Comment: Standards for Habeas Corpus Review for ‘Enemy Combatants’ Under Hamdi, Padilla, and Rasul
Global Community Yearbook of International Law, p. 173, 2004
Posted: 22 Jun 2010 Last revised: 20 Apr 2012
Date Written: 2004
Amidst a heated political and diplomatic fray over the detention of some 600 persons at the U.S. Naval base of Guantanamo, Cuba, the U.S. Supreme Court announced on June 28, 2004 four cases involving the right of habeas corpus review for detainees dubbed “enemy combatants” held at Guantanamo Bay and in the United States. More broadly, the judgments enter a historically important line of cases involving protection against arbitrary detention in war time. Two consolidated cases, Rasul v. Bush and Al Odah v. United States answer the question whether U.S. federal courts can hear statutory habeas challenges to the legality of the detention of foreign nationals incarcerated in Guantanamo Bay.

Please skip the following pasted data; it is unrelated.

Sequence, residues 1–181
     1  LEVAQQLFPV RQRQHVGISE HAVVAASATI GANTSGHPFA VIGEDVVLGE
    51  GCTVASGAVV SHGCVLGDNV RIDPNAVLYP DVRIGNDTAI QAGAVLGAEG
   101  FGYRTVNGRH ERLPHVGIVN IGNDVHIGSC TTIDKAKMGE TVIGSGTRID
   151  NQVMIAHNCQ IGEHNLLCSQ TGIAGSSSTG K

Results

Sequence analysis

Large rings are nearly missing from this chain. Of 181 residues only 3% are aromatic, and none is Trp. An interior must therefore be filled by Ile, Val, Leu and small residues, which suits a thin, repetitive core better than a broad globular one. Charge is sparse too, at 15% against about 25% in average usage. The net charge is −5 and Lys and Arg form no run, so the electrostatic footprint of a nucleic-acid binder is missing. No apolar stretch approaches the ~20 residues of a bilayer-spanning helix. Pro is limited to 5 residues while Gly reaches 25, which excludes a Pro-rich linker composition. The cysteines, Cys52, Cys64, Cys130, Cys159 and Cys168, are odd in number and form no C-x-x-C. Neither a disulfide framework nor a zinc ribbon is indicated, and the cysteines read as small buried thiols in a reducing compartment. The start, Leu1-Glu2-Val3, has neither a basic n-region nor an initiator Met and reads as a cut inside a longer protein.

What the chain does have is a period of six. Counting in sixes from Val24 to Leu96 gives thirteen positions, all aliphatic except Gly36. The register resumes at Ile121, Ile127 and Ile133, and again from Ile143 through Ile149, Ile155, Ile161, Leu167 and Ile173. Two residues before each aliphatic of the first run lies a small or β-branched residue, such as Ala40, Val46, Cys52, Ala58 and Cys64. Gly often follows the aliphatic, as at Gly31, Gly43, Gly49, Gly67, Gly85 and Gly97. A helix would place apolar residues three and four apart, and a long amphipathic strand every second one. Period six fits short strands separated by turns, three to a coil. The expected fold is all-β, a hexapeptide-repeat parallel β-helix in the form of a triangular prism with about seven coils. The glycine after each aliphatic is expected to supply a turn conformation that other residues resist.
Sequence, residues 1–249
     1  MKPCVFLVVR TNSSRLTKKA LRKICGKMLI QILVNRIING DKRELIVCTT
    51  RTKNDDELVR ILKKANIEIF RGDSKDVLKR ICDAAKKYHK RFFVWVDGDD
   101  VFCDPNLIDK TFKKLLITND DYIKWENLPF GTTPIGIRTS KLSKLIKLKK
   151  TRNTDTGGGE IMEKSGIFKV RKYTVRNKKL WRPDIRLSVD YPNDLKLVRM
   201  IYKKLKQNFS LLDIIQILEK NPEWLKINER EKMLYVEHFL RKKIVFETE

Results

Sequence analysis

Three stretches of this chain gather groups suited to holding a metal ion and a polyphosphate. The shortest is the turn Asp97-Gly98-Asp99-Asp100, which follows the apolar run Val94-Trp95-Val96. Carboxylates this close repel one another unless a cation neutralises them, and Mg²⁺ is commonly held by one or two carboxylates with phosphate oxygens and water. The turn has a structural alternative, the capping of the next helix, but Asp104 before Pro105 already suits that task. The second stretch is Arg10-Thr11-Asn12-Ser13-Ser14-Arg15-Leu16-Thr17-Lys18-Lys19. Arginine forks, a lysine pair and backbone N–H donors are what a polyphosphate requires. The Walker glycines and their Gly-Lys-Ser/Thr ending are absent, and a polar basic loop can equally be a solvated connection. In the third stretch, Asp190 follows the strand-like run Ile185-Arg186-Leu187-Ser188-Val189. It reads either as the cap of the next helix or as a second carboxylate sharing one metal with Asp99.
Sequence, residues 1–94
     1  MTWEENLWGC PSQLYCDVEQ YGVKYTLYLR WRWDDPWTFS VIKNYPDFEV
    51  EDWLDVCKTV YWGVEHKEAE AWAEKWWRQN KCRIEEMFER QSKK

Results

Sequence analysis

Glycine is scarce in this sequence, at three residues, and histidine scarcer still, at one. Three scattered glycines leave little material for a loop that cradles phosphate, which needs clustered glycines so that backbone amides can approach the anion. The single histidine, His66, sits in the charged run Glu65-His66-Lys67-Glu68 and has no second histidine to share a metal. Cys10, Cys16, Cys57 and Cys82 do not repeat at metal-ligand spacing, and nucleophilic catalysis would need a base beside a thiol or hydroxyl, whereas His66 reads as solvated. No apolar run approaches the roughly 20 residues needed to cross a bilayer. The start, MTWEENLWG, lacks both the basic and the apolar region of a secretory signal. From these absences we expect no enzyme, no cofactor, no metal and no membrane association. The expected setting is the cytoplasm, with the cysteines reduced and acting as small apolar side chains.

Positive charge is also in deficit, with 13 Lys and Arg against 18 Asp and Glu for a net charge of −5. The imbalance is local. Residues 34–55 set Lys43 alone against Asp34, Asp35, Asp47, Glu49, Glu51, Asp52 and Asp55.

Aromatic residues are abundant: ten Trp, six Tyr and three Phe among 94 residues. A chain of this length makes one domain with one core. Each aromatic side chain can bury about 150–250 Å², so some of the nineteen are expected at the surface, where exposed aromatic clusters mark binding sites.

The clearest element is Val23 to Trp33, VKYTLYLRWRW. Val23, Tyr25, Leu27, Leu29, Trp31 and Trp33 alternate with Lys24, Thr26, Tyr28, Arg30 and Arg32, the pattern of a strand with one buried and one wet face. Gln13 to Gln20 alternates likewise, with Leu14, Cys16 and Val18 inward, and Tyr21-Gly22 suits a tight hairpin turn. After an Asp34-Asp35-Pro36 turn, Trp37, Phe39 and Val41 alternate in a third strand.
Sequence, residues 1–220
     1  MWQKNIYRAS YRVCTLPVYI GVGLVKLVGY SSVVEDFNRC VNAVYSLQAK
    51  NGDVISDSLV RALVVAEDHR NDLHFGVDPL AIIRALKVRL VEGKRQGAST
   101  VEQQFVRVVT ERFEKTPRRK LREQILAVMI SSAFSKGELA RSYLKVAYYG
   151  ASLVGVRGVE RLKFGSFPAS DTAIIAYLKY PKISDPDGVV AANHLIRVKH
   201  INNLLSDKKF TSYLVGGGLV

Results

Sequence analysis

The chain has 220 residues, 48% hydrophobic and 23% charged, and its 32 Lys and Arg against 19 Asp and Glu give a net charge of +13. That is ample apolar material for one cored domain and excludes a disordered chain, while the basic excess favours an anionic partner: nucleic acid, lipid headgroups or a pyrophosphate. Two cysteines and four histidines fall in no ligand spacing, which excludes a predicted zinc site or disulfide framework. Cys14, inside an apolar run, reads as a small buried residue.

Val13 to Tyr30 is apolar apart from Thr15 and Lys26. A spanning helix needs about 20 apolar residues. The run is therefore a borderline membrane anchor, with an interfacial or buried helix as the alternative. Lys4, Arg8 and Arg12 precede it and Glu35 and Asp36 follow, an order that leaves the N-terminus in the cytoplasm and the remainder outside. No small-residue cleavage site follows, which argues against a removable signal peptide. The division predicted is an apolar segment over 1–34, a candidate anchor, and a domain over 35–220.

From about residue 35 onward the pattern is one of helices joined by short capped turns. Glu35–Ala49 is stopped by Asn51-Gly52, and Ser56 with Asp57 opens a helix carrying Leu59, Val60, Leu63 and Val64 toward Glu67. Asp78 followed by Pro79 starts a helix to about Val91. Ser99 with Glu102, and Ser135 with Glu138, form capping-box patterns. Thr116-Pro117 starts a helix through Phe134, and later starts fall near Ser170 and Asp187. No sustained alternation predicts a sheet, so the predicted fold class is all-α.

In a series of complex majority, plurality, and concurring opinions, as well as fiery dissents, the Court provides a road map for statutory habeas challenges by persons held under U.S. jurisdiction in the context of the Afghan conflict and the amorphous “war on terror”. At the same time, the judgments leave open a number of questions on the scope of the rulings.
Keywords: detention, war crimes, war on terror, habeas corpus, Supreme Court, Guantanamo Bay, enemy combatants, unlawful combatants
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